Reliving Hanoi on a Vietnam Food Tour in Berlin

Mark Bibby Jackson goes on a Vietnam Food Tour in Berlin with Food and Walk Tours

Culture & History, Europe, Gastronomy

“Cảm ơn anh,” Anna says to me at the end of our brief conversation in Vietnamese, most of which has been translated by my Vietnam food tour guide Paul Tran. “Cảm ơn,” I reply, uncertain as whether to call Anna an “em” or “chị”, opting for silence to avoid creating offence. I never did manage to work out which pronoun to use in my two years spent in Hanoi.

Anna comes from the Vietnamese capital, and smiles to hear that I spent two years there. She worked in the Dong Xuan Market after which the centre in which I am sipping Vietnamese coffee in Berlin is named. Her brother lives in London, but our fragmented conversation breaks down before I discover in which part.

Vietnam Food Tour
Paul ordering coffee and baguette from Anna

Although he hails from Los Angeles, where his parents met, Paul also lived in Hanoi, where he worked for the US Embassy. He transferred to Berlin where he realised he and the Trump administration were not exactly aligned. He provides career advice at one of the Berlin universities while not playing piano, doing stand-up comedy, or once a month on a Sunday running Vietnam food tours in the Dong Xuan Centre for Fork and Walk Tours Berlin. He is a busy man.

In LA Paul found himself surrounded by Vietnamese from the south of the country. His father who is from central Danang fought for the south in the Vietnam War. Now, he finds himself something of an oddity, the only southerner surrounded by Vietnamese from the north of the country.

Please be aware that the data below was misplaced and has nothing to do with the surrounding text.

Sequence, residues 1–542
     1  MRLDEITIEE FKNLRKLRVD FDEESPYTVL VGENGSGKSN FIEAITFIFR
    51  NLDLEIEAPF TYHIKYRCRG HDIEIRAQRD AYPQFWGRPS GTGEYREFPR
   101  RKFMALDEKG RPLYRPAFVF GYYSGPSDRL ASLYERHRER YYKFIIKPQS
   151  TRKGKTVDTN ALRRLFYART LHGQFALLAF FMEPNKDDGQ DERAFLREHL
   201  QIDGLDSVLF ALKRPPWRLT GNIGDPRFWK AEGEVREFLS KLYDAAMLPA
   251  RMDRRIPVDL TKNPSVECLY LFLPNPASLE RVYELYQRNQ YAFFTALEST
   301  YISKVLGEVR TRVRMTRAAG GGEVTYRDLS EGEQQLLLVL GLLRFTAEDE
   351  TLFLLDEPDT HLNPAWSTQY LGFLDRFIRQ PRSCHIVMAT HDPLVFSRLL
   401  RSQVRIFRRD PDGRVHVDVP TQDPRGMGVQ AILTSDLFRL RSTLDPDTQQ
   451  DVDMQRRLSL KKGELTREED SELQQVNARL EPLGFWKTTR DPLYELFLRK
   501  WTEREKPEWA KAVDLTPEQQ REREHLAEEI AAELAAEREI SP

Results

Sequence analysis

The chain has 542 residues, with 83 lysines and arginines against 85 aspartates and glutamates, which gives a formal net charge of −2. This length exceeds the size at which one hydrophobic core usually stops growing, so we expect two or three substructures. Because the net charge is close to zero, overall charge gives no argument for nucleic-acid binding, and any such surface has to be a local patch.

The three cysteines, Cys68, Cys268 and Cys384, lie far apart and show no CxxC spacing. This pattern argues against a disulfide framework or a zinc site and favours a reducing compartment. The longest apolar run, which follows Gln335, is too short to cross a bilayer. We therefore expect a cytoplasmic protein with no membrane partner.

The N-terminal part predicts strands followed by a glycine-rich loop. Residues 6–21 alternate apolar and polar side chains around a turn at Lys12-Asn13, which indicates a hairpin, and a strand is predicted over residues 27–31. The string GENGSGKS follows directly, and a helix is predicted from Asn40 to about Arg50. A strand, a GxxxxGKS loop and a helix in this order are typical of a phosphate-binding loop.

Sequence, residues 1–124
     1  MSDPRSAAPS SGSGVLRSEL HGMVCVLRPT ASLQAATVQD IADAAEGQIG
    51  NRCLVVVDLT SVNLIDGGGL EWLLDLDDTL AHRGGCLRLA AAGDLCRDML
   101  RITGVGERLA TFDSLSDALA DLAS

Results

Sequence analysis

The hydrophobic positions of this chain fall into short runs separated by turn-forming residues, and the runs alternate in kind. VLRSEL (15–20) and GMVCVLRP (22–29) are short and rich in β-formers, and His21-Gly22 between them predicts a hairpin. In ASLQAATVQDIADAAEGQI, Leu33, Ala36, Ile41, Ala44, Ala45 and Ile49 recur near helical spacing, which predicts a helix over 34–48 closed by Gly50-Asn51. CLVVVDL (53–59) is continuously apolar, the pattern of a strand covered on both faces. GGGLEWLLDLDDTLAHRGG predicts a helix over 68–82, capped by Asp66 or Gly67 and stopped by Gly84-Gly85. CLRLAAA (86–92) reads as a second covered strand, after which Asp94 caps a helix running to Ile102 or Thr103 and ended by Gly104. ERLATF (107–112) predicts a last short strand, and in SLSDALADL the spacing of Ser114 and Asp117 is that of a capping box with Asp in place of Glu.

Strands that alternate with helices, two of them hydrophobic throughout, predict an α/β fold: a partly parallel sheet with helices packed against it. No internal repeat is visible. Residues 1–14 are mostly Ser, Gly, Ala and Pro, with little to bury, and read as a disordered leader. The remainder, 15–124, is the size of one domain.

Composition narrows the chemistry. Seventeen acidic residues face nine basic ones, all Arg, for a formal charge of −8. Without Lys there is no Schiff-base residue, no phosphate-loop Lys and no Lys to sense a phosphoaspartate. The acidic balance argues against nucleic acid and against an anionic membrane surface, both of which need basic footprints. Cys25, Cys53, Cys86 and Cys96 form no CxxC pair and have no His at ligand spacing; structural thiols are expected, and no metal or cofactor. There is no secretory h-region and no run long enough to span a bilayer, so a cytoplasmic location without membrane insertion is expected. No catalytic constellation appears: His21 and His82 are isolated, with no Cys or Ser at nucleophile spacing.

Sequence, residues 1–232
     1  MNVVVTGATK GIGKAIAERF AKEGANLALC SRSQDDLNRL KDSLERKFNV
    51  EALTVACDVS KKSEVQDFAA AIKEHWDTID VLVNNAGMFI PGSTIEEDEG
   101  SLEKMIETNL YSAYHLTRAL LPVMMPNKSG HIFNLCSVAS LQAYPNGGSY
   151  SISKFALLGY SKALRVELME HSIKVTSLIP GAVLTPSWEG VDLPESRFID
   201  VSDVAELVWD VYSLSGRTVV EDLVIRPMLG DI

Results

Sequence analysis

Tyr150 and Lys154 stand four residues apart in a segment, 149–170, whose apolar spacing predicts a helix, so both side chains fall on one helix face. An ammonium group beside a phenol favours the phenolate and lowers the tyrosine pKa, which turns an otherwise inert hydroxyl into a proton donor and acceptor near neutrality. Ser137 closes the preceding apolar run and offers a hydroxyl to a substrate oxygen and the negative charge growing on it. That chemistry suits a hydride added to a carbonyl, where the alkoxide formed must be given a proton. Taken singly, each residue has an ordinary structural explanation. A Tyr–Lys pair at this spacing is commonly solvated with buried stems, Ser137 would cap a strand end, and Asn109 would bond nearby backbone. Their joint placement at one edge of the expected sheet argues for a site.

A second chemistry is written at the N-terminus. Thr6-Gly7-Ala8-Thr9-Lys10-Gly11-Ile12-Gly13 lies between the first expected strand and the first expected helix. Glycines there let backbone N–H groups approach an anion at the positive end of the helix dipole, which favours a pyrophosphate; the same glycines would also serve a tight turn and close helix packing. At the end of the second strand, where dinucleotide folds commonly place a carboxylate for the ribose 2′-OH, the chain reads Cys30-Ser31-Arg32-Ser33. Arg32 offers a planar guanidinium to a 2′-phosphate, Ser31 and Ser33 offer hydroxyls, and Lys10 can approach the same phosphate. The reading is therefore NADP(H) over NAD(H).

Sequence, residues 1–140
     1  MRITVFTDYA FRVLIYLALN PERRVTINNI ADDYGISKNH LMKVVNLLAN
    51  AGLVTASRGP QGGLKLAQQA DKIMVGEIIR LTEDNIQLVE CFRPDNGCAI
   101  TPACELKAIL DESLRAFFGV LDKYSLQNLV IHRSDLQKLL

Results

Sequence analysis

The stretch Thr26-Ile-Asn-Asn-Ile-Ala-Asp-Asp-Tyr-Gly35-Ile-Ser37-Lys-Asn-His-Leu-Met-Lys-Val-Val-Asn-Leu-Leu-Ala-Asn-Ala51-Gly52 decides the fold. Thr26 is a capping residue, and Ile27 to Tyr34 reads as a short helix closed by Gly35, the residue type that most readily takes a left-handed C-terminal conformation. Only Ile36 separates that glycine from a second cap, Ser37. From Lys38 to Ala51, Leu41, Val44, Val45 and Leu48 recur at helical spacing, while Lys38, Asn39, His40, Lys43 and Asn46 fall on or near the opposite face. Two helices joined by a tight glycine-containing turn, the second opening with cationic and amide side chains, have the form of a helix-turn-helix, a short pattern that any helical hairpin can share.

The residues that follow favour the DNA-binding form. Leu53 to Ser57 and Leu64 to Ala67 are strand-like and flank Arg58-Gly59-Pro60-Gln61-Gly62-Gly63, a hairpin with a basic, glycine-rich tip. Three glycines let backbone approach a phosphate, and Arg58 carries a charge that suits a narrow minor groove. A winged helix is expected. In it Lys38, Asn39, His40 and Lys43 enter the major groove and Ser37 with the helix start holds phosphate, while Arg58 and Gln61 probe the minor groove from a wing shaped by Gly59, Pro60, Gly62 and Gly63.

Dong Xuan Centre

The heavy northern bias reflects the close relations between Communist Vietnam and the old GDR. Paul explains there were two major migration patterns. In the 50s the North Vietnamese elite came to Berlin. They were mainly technocrats. Later in the 1980s the GDR and Vietnam signed a guest worker agreement which paved the way for workers from the southeast Asian country to migrate to the Berlin capital and other parts of the GDR.

Dong Xuan Centre
Dong Xuan Centre Berlin

According to Paul, they were heavily discriminated against, put up in prison style accommodation, not allowed to marry Germans and on occasion forced to have abortions or be deported. After the Fall of the Wall, by the mid 90s those who did not return to Vietnam were declared illegal. Inevitably illicit gangs flourished in this period, although the gangs helped to protect the Vietnamese community from attacks from the racist far right.

Fortunately, things have progressed since then. The community bound together and in 2005 opened the Dong Xuan Centre, named after the largest market in Hanoi, which literally means “spring meadow” and at least during my stay in the Vietnamese capital two decades ago, still sold fresh vegetables. I don’t think this is the case any longer.

Dong Xuan is vast, consisting of 20 huge halls. At weekends the place is packed with Berliners, especially as this is one of the few places you can shop in Berlin on Sundays. This is when Paul normally runs his Vietnam food tour, but for me he has kindly agreed to come here on a Thursday evening when it is much quieter.

Leaving Anna, her coffee and the excellent tofu bánh mì (baguette), Paul leads me into Hall 1 to get a sense of the atmosphere in the market.

Within seconds someone comes up to Paul and greets him. Apparently, it is his barber, who has recommended we try the eel (“lươn”). Paul admits that he gets most of his best tips from his barber.

Dong Xuan Vietnam Food Tour

Dong Xuan
Not everything on the tour is about food.

The market feels totally authentic, and takes me back to my time in the country. Here you can buy all sorts of tack you never wanted, cheap clothes, oversized toys and the most amazing Vietnamese groceries in the supermarkets which is where all the Berlin Vietnamese restaurants shop for their provisions.